Last week on the blog I talked about my “clean slate” decorating process. Times they are a’ changin’ over at The Steel Fox Home. So as we were transitioning into our fresh new style, there were some causalities. More than a few pieces were given away or donated. But honestly our coffee table took me by surprise. It wasn’t something we had put on our “need-a-new-one-for-the-new-house” list, and I really hadn’t given it any thought. It was a pretty piece, solid wood and in good shape. I had thought in the past about refinishing it, but really never had the motivation. But when we started moving our furniture into the house it just stuck out like a sore thumb.
The honey oak color did fine in our old home with its warmer color scheme. But with the cooler colors of the floors, walls and trim in our new home, it was just out of place. While of course I wanted to use this as an excuse to go shopping for the perfect coffee table oozing with vintagey goodness… the reality was that this renovation had given us diarrhea of the wallet. I needed a budget friendly alternative. My husband was (still) on the road, so I thought this would be a fun project for me to do myself.
I decided I wanted to stain the top a super dark, almost-black brown to tie into the color of the couch, and paint the legs a distressed white to tie into… well, pretty much everything else. I read a few DIY tutorials, researched a few different products, and headed to Lowe’s. I then stood thoughtfully in the paint and stain aisle, spent a few minutes pretending like I knew what the heck I was doing, and ultimately decided that I was just going to wing it. So I came home with these three products that I had never used before.
Stain and poly in one sounds a lot like my kind of party. I’m all about eliminating steps, mostly because I am impatient.
I looked at chalk paint, but this furniture paint was a little bit cheaper and you got a lot more of it for the price. I didn’t even get it tinted, I just brought it home as the bright white base color. Professional status y’all. I hope you’re taking notes.
Valspar Antiquing Glaze
I knew I wanted something to help me give the white paint a vintage look. I also knew that something called “glaze” existed. I had never worked with glaze before, but this was a low-risk project for me. One: the table was free. Two: if I fail I can sand it down and try again. Sounds like a great time to try something new.
So now that I literally had three randomly-selected products at my disposal, it was time to get started.
Step one was sanding. I sanded the top down completely, removing all layers of stain and finish. Then I continued to sand it down with progressively higher grit sandpaper until it was smooth. Since I was painting the legs, I just gave them a rough sanding by hand.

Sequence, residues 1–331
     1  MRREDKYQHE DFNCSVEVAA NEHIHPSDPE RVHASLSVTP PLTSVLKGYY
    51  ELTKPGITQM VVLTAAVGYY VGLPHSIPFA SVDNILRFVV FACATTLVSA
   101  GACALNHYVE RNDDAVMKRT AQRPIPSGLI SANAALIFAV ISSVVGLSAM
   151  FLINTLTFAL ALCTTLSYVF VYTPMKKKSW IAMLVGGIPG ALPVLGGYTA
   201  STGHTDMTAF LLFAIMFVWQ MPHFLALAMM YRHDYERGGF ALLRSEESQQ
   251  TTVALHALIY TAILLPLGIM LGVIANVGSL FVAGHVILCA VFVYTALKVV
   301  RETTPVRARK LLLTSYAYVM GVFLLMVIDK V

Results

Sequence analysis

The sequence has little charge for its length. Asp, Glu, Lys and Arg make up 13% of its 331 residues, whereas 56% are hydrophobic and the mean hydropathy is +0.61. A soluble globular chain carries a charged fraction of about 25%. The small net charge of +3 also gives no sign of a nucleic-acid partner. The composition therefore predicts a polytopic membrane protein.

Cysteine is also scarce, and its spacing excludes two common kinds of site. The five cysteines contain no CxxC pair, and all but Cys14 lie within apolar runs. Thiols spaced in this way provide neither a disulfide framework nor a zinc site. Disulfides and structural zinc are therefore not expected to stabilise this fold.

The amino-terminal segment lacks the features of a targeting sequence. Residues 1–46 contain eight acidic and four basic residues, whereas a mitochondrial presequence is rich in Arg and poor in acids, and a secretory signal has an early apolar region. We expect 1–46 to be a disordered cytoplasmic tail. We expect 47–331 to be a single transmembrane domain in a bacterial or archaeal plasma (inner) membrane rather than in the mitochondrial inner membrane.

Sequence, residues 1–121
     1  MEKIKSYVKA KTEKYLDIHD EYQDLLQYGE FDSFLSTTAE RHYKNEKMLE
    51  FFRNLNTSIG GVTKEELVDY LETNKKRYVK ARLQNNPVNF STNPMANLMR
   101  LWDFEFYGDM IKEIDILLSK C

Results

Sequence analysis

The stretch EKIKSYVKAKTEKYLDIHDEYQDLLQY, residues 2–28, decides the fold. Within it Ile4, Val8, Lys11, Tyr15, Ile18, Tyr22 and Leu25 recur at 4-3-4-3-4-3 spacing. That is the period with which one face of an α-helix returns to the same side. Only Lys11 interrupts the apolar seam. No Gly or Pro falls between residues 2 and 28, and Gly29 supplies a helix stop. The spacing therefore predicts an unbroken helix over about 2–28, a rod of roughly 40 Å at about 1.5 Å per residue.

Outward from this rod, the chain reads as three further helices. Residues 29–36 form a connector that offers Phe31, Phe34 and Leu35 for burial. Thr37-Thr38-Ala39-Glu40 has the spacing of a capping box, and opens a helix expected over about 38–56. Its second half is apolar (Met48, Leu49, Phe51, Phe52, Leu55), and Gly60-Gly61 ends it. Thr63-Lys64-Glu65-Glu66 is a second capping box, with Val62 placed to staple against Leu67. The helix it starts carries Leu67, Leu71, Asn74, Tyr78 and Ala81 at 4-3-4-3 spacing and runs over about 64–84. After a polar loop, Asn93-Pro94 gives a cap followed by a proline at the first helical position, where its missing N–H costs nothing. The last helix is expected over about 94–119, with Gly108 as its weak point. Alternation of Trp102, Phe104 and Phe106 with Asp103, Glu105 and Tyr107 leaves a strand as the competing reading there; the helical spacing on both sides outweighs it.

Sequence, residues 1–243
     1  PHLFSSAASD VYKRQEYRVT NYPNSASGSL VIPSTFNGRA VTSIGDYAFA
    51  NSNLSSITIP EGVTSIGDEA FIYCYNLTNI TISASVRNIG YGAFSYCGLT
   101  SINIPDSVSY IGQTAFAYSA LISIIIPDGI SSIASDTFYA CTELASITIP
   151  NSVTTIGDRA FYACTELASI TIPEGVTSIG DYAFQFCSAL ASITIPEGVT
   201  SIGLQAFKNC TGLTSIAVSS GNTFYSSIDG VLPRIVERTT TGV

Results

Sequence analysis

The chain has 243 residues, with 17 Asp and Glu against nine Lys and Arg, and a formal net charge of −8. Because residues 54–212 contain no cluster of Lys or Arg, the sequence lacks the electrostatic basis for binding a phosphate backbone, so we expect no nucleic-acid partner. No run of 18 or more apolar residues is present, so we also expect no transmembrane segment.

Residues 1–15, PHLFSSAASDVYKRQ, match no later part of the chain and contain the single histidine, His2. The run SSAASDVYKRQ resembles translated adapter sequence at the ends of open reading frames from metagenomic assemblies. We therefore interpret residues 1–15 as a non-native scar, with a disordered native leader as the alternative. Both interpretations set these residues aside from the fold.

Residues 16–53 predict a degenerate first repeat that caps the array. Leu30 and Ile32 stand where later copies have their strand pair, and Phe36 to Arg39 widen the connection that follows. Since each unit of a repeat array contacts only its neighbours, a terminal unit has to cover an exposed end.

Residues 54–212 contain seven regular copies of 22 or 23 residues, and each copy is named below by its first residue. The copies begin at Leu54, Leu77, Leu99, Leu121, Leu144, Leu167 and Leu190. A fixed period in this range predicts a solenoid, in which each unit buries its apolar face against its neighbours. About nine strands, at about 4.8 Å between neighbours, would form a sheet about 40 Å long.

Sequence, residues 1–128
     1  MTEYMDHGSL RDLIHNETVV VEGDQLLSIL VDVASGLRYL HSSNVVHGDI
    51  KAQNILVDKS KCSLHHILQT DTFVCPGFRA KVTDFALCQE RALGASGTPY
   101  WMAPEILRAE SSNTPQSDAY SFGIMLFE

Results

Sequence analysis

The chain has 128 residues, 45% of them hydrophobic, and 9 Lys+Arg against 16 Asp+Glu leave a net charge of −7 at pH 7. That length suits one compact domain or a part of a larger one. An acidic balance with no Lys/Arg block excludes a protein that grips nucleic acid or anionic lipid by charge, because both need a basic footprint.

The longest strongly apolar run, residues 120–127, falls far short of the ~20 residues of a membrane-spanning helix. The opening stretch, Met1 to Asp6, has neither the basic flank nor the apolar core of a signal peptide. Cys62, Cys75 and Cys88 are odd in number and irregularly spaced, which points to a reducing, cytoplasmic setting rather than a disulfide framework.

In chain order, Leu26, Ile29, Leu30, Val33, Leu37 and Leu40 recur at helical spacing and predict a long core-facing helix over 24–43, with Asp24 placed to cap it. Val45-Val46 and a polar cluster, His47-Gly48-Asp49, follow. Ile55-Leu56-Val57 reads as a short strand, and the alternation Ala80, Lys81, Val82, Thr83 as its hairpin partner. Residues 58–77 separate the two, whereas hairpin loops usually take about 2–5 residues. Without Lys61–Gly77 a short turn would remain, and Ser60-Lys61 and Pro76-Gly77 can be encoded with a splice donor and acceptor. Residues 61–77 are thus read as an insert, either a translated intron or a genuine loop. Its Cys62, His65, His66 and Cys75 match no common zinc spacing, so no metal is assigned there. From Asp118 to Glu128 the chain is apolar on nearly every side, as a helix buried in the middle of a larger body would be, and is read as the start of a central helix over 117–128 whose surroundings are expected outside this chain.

Next I painted the furniture paint on the legs, and I’m telling you I was amazed. One coat was all it needed. When I came back the next morning, it dried perfectly with no brush marks. Seriously what is this stuff? Not only that, I hardly used any of the can.
Once it was dry I went through with sand paper and distressed the paint. No rhyme or reason to this, you really can’t mess it up. I made sure to hit raised areas and corners, but other than that is was just random.
The final step for the legs was adding the glaze. The teeniest tiniest bit goes a long way with this stuff. I think I will have this jar of glaze forever. I just barely dipped a paint brush in, and brushed the goo all over one leg. You’ll want to work in small sections because it does dry pretty fast (also because of this there wasn’t really time to take pictures during this process). I let it sit for just a few seconds, and then wiped it off with a rag. I also used the rag to rub and blend the glaze into the other sections as I worked. This was the fastest step in the whole project.
It also darkened the parts of the wood that were showing through, so I didn’t have to worry about staining the legs a darker color before I painted and distressed them. Another step skipped! Score!
Now that the legs were done, it was time to stain the top. I had saved the top for last because I wanted to be able to flip the table over to get to some of the harder places on the legs (and to save my back) and not have to worry about messing up the finish.
The stain was stupid easy as well. I used a sponge brush to apply the stain and I did three coats.
After the first coat…
And after the third coat…
After each coat dried I lightly sanded with super fine sand paper, and I gave the final coat a once over with steel wool.
The orangey- oak is no more, and now it fits in perfectly in our new living room. I love how the dark, sleek top leans modern, but then it brings on the rustic farmhouse vibes with the distressed white. It’s everything The Steel Fox Home is all about! (If you’re struggling with figuring out what your home is all about, check out my posts on how to find your starting point for your own personal design style, and 5 Tips on How to Transition to a New Décor Style!)
This thrown-together, totally non-professional DIY tutorial should make it pretty clear what level I’m on with this stuff. This was the first piece of furniture I ever refinished, and I cannot overstate this enough: If I can do it ANYONE can do it.
Let me know if you have any questions, or if you have any go-to furniture refinishing products I need to know about. Now that I’ve done one… nothing around here is safe!